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$38M Annual Investment: Colorado’s New Higher Education Tax Credit – Check Eligible Recipients!

Colorado Passes Bill for State Income Tax Credit

Governor Polis Signs Bill to Boost Higher Education Accessibility with Colorado Tax Credit Program

According to The Center Square, Colorado has recently taken a significant step towards making higher education more accessible and affordable for its residents. Governor Jared Polis signed House Bill 24-1430 into law introducing a state income tax credit aimed at encouraging Colorado high school graduates to pursue further education within the state. The bill passed with amendments and unanimous support in the House and Senate offers a refundable state income tax credit that can be used to cover tuition and fees at Colorado’s higher education institutions. The estimated cost to the state is $38 million annually with the program set to run from 2025 through 2032.

To get the tax credit students need to meet some rules. They must have graduated from a Colorado high school or similar within two years. Their family’s income should be $90,000 or less and they must qualify for in-state tuition. Also they should take at least six classes each semester and keep a GPA of 2.5 or higher. Governor Polis thinks the bill will help make education better give Americans chances to learn important skills and make college cheaper for everyone. The program is expected to cost the state about $38 million each year but how much it really costs might change depending on how many students use it and how much money the state gives to colleges. On average students at four-year schools might get $2,700 while those at technical or two-year schools might get $2,000 or $1,000 respectively.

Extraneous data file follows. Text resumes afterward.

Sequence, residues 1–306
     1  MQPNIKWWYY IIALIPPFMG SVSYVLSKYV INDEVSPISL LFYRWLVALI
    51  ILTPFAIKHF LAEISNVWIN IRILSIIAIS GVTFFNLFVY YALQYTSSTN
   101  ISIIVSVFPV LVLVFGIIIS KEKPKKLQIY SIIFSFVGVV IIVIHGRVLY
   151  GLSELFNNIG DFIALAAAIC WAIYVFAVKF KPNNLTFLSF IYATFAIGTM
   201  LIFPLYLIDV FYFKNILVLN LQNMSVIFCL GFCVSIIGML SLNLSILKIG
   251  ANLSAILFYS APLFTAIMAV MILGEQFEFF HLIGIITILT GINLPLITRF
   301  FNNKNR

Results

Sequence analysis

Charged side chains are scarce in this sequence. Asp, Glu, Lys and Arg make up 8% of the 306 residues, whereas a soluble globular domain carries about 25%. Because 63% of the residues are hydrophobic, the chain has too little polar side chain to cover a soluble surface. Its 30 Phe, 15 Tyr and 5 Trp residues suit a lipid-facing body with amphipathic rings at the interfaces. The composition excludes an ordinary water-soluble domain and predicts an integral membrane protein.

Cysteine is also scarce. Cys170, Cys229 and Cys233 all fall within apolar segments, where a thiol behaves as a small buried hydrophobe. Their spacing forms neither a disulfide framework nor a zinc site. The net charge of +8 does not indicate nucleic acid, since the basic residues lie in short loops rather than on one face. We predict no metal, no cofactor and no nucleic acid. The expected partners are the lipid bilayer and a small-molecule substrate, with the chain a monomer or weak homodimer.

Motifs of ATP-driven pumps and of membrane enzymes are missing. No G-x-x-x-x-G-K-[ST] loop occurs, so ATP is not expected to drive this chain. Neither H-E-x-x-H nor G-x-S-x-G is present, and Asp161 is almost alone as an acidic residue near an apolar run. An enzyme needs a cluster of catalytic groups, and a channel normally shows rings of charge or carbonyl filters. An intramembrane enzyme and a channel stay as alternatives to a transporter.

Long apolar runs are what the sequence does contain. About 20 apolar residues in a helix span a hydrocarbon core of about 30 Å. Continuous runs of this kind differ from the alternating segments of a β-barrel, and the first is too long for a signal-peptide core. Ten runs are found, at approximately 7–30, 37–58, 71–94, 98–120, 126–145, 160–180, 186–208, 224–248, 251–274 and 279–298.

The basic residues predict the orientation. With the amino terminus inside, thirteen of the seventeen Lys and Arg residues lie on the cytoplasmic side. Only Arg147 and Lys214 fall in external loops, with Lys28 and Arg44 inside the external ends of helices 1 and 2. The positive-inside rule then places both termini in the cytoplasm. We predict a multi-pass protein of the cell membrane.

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$38M Annual Investment: Colorado’s New Higher Education Tax Credit – Check Eligible Recipients! (PHOTO: Cordasco & Company)

Colorado‘s New Tax Credit Program: Ensuring Accountability and Supporting Higher Education Opportunities

Furthermore, the law includes provisions to monitor the program’s effectiveness and ensure accountability. The Department of Higher Education is tasked with providing annual reports on eligible students to the Department of Revenue and submitting program evaluations to relevant legislative committees. Students can claim a maximum of 65 credit hours over the duration of the program with any scholarships or grants subtracted from the eligible tuition and fees. This measure aims to prevent abuse of the tax credit while still providing substantial support to students seeking higher education opportunities within the state. Overall the introduction of the tax credit represents a significant investment in Colorado‘s future workforce and educational landscape with the potential to positively impact both individuals and the state as a whole.

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